Playing for a national title doesn't come cheaply.
Carolina TarWheels officials figure it will cost the team about $8,000 to travel to this month's National Wheelchair Basketball Association Division III national championship tournament. For financial reasons, it's an opportunity the TarWheels have passed on before.
But this year is different. The Cabarrus County-based team was ranked No. 1 nationally at the time they had to decide whether to enter the tourney. Players thought they owed it to themselves and to the spirit of wheelchair basketball to challenge for their game's top prize.
Next week, Carolina will load its 15-passenger team van and equipment trailer and head to Colorado Springs, Colo., attempting to win its first championship since forming three years ago.
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The TarWheels are led by Donnie Langford of Mount Pleasant, the team's founder and coach. At 54, he is also a sharp-shooting guard. He's an NWBA Hall of Famer and a 30-year veteran of the sport.
Langford played for a different Carolina TarWheels team in the 1980s. He later suited up for the Charlotte Rollin' Hornets and the Charlotte Rollin' Bobcats, each of which had an affiliation with its NBA counterpart. Langford won national championships with the Rollin' Hornets in 1996 and 1998.
Langford formed the TarWheels in 2009 as the first local program. They practice at J.N. Fries Middle School and play games at Academy Recreation Center and Westford United Methodist Church, all in Concord.
"It means everything as a coach," said Langford, "... to teach a bunch of guys the game and get them to compete for a championship."
In its first season, Carolina played as an independent and was ranked as high as No. 3 in the country. The team plays in the NWBA's Division III, which is forplayers with less experience than the association's Championship Division.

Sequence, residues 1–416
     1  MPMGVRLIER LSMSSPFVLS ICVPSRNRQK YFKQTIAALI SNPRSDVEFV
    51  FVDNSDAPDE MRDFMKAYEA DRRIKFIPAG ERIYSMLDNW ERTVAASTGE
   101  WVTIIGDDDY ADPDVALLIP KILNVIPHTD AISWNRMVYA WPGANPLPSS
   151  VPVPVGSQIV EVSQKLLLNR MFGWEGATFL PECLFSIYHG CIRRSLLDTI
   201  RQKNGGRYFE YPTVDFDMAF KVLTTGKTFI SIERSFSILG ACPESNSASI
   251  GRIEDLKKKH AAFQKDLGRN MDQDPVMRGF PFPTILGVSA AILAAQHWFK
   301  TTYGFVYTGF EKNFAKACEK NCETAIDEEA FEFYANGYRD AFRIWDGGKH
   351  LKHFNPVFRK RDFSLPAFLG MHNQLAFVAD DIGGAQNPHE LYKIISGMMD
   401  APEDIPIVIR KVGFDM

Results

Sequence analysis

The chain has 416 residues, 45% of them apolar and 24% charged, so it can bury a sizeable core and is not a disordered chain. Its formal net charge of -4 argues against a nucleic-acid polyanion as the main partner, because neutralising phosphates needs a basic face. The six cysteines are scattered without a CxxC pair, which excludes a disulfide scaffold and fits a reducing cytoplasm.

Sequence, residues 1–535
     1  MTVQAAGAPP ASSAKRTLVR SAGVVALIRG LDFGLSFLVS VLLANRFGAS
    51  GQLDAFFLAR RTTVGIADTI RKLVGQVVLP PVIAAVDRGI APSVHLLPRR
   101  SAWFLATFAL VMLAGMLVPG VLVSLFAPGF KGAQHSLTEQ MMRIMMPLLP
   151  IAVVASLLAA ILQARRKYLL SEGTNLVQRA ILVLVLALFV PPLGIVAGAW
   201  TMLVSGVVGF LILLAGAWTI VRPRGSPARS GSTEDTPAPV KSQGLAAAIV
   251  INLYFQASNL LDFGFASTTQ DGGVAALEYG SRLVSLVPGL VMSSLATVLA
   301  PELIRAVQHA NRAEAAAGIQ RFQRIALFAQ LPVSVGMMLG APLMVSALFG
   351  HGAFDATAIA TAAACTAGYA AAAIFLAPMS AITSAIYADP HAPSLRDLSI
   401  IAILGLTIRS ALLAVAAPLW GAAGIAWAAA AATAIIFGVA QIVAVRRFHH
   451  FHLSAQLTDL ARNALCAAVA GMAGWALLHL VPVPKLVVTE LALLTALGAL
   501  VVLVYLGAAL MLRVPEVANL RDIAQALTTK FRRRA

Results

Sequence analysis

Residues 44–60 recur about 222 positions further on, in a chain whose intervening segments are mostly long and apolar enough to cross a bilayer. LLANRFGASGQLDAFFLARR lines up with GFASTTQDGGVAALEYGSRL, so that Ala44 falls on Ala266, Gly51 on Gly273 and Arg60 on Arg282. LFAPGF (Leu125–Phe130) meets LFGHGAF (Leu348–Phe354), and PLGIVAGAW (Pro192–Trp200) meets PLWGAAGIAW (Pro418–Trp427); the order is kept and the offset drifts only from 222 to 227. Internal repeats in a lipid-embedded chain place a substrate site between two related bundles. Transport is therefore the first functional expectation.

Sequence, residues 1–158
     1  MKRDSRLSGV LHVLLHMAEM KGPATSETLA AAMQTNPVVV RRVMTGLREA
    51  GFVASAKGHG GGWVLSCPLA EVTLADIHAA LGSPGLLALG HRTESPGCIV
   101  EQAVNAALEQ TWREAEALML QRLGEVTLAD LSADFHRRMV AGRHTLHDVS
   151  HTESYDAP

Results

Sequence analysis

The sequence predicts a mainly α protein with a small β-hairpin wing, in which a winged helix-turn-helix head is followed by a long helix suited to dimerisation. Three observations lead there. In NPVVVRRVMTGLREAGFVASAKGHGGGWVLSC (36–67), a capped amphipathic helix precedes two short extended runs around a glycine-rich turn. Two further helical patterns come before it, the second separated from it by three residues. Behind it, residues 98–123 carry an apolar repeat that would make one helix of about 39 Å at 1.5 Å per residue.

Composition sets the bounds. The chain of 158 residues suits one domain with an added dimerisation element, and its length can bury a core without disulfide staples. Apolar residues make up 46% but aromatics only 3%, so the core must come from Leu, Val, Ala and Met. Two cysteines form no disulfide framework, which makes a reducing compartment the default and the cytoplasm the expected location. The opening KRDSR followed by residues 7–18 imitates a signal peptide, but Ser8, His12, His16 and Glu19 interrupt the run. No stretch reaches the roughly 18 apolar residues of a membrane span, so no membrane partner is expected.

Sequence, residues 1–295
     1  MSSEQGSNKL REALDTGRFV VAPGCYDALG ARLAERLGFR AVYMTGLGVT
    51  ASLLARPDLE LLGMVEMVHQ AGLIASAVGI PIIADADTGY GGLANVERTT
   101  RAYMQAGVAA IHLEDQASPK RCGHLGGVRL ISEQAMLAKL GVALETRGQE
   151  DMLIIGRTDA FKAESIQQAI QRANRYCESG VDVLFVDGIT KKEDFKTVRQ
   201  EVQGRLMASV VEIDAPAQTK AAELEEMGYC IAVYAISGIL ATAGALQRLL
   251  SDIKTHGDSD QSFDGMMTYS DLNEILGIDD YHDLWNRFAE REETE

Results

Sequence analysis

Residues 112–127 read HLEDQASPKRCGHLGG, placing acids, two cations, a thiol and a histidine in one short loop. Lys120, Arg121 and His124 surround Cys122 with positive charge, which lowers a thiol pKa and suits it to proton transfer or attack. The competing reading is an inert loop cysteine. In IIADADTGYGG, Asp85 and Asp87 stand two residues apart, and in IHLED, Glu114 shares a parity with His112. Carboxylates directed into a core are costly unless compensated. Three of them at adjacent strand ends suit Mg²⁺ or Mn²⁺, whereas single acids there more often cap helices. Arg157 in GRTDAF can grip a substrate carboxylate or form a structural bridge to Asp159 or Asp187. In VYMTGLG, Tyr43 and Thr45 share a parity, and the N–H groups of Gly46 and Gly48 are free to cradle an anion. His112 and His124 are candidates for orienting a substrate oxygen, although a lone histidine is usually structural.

In the 2010-11 season, the TarWheels joined the Carolina Wheelchair Basketball Conference, a 10-team league with squads from North Carolina, South Carolina and Georgia. As it won the CWBC, Carolina's national ranking reached as high as No. 2.
In two CWBC seasons, the TarWheels have a perfect 40-0 record in the regular season. This year, Carolina was ranked No. 1 in the country through mid-February. Then it suffered two losses - at an invitational tournament in Kentucky - and dropped to its current ranking, No. 4.
TarWheels players have received individual recognition as well. This season, Oakboro's Pete Morgan averaged 26 points per game and was named conference rookie of the year. Concord's David Hix received the honor last year.
Hix, 31, learned about the TarWheels from Langford's daughter, Jennifer Langford, who is the team's vice president and handles many administrative responsibilities. She and Hix worked at the same Charlotte nightclub where Hix was injured while trying to stop a mugging in 2007.
After multiple surgeries on his right foot and ankle, Hix elected to have the foot amputated last spring, shortly after his first season with the TarWheels. He credits wheelchair basketball for helping him trim 75 pounds off his overweight frame.
Still receiving worker's compensation from his work-related injury, Hix said it's a hardship for him to pay for the trip to nationals on his own. He and the other TarWheels are relying on team fundraising to offset the cost.
The TarWheels accept donations at all levels. They were scheduled to host a golf tournament on March 9 and have played benefit games against school faculties and church teams.
The TarWheels are going to Colorado to win, but Hix said it's possible to find some consolation if they don't.
"If we go out there and play the best we possibly can, then yeah," he said. "You can't ask for anything more than that."